There’s some strange music popping up in the wake of hurricane Katrina. Probably the worst of it is Chuck Redden’s racist and ignorant tune called “The Battle of New Orleans Katrina.” The chorus goes:
“And they blamed George Bush,
and they blamed the head of Fema,
they told everybody that would listen to em’ shout.
They blamed the mayor,
and they blamed Governor Blanco,
cause nobody came to get their sorry asses out.”
It’s pathetic enough that the lyrics don’t rhyme or have any flow, but the whole thing is a waste of your ears if you have the patience to listen to it. The rest of the song focuses on many of the myths about what New Orleanians did in the aftermath of Katrina, including the supposedly widespread looting, raping, murder, and assaults on first responders, non of which were true. (The so called “looting” was mostly a rational response by citizens of New Orleans to attain food and supplies during the several days that they were without any assistance whatsoever.)
On a lighter note there is an underground release supposedly penned by 10th Ward Buck entitled, “What is your FEMA number?” The track samples the embarrassingly (yes people, we should be embarrassed) popular “Shake that Laffy Taffy!” beat, and rolls out lyrics like:
“I think it start with 9,
I think it start with 3,
Look I ain’t getting’ off the phone till you give me, me.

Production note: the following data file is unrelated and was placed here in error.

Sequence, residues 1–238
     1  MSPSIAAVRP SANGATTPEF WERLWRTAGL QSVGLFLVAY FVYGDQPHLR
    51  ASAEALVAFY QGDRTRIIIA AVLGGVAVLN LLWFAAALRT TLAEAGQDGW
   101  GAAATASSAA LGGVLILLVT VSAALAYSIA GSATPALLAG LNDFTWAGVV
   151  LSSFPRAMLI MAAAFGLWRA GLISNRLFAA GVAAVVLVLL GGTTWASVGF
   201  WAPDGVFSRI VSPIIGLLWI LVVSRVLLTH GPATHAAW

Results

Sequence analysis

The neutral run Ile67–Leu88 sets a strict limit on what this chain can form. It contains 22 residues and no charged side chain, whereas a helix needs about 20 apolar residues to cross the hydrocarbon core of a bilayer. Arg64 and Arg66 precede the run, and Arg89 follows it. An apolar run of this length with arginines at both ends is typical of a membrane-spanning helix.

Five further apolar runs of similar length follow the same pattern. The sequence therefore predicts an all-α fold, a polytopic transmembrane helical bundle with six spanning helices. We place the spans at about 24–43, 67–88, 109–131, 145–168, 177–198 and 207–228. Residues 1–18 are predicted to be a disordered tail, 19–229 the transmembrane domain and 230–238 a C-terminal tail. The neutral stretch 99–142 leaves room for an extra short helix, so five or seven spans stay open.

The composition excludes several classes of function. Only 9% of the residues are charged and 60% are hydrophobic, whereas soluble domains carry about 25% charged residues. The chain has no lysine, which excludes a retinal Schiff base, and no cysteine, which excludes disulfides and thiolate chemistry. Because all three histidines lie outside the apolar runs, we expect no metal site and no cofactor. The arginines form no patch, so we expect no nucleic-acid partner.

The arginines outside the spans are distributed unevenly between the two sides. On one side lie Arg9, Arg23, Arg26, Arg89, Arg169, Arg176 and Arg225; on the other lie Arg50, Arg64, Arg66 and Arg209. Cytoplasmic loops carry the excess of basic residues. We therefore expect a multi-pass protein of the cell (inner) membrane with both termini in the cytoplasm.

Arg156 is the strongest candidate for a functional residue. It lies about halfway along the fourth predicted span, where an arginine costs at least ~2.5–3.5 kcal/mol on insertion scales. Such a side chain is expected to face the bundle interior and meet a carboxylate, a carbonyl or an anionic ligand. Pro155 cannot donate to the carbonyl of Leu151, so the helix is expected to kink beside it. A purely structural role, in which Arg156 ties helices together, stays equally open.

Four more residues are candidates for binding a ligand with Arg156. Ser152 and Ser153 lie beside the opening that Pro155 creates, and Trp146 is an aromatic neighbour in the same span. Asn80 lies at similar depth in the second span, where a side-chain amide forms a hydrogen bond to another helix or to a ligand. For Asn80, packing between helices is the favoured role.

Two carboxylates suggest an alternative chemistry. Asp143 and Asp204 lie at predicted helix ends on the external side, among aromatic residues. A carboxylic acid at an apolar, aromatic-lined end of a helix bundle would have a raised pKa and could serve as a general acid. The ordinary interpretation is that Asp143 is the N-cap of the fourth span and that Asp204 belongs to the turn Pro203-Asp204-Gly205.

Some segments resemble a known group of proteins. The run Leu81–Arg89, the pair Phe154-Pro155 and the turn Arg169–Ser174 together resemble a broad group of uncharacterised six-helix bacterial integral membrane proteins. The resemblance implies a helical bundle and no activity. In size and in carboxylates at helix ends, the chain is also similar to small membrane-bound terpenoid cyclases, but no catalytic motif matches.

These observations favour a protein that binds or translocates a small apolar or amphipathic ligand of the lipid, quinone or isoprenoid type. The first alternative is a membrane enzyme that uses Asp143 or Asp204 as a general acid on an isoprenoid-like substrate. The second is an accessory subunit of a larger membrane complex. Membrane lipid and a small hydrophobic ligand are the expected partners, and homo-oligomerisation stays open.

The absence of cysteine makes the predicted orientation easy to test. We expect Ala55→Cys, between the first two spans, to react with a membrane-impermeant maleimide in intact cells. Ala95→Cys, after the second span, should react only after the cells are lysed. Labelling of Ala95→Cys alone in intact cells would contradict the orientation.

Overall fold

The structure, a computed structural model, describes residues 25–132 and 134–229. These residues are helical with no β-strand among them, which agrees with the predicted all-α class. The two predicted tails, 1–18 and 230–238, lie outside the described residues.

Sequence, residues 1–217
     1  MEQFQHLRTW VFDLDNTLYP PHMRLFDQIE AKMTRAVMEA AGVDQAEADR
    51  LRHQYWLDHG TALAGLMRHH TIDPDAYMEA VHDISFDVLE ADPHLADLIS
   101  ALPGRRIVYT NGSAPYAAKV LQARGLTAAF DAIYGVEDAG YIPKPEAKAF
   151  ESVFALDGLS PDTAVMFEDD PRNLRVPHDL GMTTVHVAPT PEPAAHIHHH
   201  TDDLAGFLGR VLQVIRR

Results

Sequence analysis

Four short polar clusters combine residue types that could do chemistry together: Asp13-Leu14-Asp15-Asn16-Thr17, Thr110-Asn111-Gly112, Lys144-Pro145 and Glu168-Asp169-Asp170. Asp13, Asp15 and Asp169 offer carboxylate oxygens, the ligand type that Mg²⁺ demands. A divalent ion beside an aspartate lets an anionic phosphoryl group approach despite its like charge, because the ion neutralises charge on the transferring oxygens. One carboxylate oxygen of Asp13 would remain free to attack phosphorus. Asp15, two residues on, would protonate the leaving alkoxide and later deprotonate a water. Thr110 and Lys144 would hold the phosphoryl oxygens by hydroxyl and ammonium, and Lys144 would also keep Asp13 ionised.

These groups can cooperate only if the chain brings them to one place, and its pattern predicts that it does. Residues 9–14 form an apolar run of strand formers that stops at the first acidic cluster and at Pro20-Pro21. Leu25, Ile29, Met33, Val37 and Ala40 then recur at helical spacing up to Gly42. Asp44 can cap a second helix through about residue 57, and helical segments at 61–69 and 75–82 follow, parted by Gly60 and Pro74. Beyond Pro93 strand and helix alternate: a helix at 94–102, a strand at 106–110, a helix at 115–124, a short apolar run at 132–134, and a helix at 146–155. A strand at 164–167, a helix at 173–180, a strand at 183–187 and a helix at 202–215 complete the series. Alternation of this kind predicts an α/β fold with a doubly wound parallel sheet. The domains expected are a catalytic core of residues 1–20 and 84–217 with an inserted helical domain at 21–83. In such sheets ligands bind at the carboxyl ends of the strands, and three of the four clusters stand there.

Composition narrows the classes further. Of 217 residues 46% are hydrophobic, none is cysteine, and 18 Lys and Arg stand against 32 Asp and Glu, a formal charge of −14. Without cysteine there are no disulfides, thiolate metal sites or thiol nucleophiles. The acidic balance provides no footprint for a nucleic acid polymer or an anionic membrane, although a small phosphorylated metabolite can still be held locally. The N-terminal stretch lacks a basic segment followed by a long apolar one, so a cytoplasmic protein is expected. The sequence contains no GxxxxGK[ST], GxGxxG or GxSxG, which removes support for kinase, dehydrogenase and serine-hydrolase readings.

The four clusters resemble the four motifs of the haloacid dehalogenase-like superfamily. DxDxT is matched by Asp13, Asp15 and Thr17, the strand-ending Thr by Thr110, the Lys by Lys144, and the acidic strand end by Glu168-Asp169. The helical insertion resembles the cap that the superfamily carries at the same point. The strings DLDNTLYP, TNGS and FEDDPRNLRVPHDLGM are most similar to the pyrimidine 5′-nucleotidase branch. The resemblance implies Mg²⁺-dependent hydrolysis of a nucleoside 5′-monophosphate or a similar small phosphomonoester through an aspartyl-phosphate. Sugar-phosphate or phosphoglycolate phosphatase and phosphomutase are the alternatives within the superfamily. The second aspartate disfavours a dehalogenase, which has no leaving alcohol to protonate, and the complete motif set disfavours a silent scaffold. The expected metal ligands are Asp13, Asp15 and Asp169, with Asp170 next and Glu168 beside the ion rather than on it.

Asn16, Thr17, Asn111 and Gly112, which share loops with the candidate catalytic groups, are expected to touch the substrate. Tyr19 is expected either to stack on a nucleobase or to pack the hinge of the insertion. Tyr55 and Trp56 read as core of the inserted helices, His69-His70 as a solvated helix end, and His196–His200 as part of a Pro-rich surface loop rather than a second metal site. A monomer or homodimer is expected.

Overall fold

I done walked through the flood with these shoes on my feet,
Man I need a fresh pair, give me my 23…”
By far the best post-Katrina musical release to date is Dynira’s soon to be legendary “Spirit of New Orleans.” Dynira’s LP (2 tracks) is set to hit stores in August, but you can sample it here - http://www.dynira.com/. Set to some serious beats he explains:
“Bye bye, then they played us like we was nothin’,
Big families a bunch scattered us like we was puppets, trust me,
That ain’t the last you niggas heard of us,
I’m with that phony state of Texas,
Yeah enough is enough, but,
I ain’t gonna sit and watch my people just get slaughtered,
We was born in New Orleans, we gonna die for New Orleans.
We gon’ bounce back, we gon’ bounce back,
We gon’ bounce back, put New Orleans back up on the map!”
I ran across some high school kids playing their horns along the railroad tracks in the Bywater today. They were blasting some powerful tune that carried for miles. It began modestly enough, increased its pitch, then the trumpeter kicked in with this screeching noise followed by the rest. They were loud and furious enough to even drown out the noise of a train passing by only yards away. It’s good to see some music back up in this city. Music is, after all, what put New Orleans on the map.